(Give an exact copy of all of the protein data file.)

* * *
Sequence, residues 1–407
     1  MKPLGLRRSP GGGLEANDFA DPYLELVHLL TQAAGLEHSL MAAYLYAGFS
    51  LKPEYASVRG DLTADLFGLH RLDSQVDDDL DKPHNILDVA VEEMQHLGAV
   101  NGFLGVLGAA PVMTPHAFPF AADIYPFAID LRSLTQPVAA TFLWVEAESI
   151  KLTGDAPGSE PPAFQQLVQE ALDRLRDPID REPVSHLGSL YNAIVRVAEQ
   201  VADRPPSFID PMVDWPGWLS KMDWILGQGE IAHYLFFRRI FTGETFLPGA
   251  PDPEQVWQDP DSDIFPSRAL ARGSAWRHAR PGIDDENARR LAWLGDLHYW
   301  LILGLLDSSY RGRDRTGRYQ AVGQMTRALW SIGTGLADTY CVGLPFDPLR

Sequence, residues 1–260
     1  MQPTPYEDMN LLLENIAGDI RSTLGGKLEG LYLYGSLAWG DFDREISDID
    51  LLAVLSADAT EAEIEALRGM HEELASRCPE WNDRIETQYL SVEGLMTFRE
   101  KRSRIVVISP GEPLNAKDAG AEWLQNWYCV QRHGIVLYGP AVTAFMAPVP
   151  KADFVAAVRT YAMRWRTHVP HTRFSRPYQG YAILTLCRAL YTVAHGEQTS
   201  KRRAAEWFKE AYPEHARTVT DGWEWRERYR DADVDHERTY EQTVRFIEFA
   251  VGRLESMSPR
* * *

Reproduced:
Sequence, residues 1–407
     1  MKPLGLRRSP GGGLEANDFA DPYLELVHLL TQAAGLEHSL MAAYLYAGFS
    51  LKPEYASVRG DLTADLFGLH RLDSQVDDDL DKPHNILDVA VEEMQHLGAV
   101  NGFLGVLGAA PVMTPHAFPF AADIYPFAID LRSLTQPVAA TFLWVEAESI
   151  KLTGDAPGSE PPAFQQLVQE ALDRLRDPID REPVSHLGSL YNAIVRVAEQ
   201  VADRPPSFID PMVDWPGWLS KMDWILGQGE IAHYLFFRRI FTGETFLPGA
   251  PDPEQVWQDP DSDIFPSRAL ARGSAWRHAR PGIDDENARR LAWLGDLHYW
   301  LILGLLDSSY RGRDRTGRYQ AVGQMTRALW SIGTGLADTY CVGLPFDPLR

Sequence, residues 1–260
     1  MQPTPYEDMN LLLENIAGDI RSTLGGKLEG LYLYGSLAWG DFDREISDID
    51  LLAVLSADAT EAEIEALRGM HEELASRCPE WNDRIETQYL SVEGLMTFRE
   101  KRSRIVVISP GEPLNAKDAG AEWLQNWYCV QRHGIVLYGP AVTAFMAPVP
   151  KADFVAAVRT YAMRWRTHVP HTRFSRPYQG YAILTLCRAL YTVAHGEQTS
   201  KRRAAEWFKE AYPEHARTVT DGWEWRERYR DADVDHERTY EQTVRFIEFA
   251  VGRLESMSPR